Use grazing to maintain or restore disturbance
Overall effectiveness category Trade-off between benefit and harms
Number of studies: 4
Background information and definitions
Regular disturbance may maintain vegetation in a desirable, semi-natural state – particularly in fen meadows and some fens (Middleton 2012). Disturbance can clear dominant plants such as trees and shrubs, maintain light availability and control nutrient levels. This can favour a plant community rich in plant species and/or peatland characteristic species. Therefore, conservationists may sometimes want to actively maintain or restore disturbance. Grazing by large vertebrates (e.g. sheep or cows) could be one way to do this.
Grazing itself may be the disturbance that has been reduced. Some peatlands have been historically grazed, usually at low intensities. Over the last 60 years many have been abandoned, especially those in remote areas (Middleton et al. 2006).
Caution: Disturbance is not desirable on all peatlands. Fen meadows and some fens may benefit from disturbance, but many other fens, bogs and peat swamps will not. Careful management of grazing (e.g. species used, density, timing) may be necessary.
Related actions: use grazing to control problematic plants whose growth is not attributed to loss of traditional management; reduce intensity of grazing; change type of livestock; change season/timing of grazing.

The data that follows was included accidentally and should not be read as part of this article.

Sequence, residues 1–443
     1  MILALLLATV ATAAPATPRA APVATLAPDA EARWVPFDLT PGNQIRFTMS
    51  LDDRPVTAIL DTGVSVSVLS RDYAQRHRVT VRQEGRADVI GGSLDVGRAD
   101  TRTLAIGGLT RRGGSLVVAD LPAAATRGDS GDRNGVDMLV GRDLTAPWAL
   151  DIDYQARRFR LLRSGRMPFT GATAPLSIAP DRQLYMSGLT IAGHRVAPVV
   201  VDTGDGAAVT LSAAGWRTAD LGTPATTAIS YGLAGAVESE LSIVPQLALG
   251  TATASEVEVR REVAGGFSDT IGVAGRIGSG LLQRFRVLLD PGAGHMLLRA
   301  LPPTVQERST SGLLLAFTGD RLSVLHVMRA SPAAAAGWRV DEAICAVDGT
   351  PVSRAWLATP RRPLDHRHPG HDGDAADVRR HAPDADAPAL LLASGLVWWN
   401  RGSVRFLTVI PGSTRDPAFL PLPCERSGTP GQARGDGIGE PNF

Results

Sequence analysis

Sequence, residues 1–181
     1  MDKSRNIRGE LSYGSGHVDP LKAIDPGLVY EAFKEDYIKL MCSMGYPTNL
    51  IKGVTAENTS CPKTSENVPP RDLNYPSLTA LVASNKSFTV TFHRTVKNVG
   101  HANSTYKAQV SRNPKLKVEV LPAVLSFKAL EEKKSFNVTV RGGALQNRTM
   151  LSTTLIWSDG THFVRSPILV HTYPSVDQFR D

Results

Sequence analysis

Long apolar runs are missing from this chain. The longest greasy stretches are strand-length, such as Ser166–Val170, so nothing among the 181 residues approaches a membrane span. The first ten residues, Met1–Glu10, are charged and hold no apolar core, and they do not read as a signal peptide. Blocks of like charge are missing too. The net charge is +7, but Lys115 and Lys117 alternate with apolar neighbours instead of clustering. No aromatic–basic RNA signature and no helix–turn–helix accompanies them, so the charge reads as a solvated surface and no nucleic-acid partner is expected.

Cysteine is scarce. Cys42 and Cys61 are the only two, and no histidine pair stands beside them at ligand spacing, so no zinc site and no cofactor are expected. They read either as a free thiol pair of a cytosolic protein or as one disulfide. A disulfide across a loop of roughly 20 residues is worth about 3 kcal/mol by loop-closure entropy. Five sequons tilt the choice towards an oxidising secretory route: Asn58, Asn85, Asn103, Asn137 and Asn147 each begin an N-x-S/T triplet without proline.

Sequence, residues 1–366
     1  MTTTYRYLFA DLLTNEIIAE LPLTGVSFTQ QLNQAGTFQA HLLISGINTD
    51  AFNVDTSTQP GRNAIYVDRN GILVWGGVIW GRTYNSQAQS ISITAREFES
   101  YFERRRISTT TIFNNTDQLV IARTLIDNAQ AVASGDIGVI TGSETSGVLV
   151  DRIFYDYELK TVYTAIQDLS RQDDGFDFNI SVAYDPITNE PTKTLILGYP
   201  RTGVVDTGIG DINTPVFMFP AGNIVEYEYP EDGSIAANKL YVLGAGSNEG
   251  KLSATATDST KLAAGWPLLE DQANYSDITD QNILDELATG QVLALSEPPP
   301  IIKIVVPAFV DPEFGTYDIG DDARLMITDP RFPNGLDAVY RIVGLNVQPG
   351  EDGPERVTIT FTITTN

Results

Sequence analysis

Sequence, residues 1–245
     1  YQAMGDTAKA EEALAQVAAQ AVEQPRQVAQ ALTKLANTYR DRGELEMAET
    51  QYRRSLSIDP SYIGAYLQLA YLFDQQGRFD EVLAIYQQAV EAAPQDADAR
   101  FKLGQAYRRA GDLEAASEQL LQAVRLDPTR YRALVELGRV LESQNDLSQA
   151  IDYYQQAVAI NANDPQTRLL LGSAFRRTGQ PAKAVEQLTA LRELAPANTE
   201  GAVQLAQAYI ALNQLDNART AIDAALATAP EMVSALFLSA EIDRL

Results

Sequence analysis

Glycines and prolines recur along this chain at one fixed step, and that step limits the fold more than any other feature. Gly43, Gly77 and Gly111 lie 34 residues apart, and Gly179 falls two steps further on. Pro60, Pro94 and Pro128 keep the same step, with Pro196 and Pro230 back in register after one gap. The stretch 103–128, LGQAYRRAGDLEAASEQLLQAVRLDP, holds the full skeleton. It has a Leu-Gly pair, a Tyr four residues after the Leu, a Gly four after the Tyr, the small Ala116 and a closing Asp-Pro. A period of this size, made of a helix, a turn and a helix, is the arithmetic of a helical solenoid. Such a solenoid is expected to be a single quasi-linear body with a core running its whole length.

Middleton B., Holsten B. & van Diggelen R. (2006) Biodiversity management of fens and fen meadows by grazing, cutting and burning. Applied Vegetation Science, 9, 307–316.
Middleton B.A. (2012) Rediscovering traditional vegetation management in preserves: trading experiences between cultures and continents. Biological Conservation, 158, 750–760.
Supporting evidence from individual studies
A replicated, paired, site comparison study in 32 fen meadows in Germany (Stammel et al. 2003) found that grazed meadows contained a significantly different plant community with fewer species than mown meadows, but there was no difference in vegetation height or biomass. Meadows grazed or mown for at least 10 years had different overall plant communities (data reported as a graphical analysis). Grazed meadows contained fewer plant species than mown meadows, per meadow (71 vs 79) and per 25 m2 plot (43 vs 51), and fewer fen-characteristic plant species (18 vs 19 species/plot). Meadows did not differ significantly in vegetation height (grazed: 19; mown: 24 cm) or above-ground biomass (grazed: 954; mown: 1,103 g/m2). Of the 32 studied meadows, 16 were open to cattle (<0.5/ha) each summer and 16 were mown each autumn. In August (year not reported), cover of every plant species was recorded in 25 m2 plots: 58 across the grazed meadows and 51 across the mown meadows. Vegetation height was measured at three points in each meadow. Biomass was cut from three 25 x 25 cm quadrats then dried and weighed.Study and other actions tested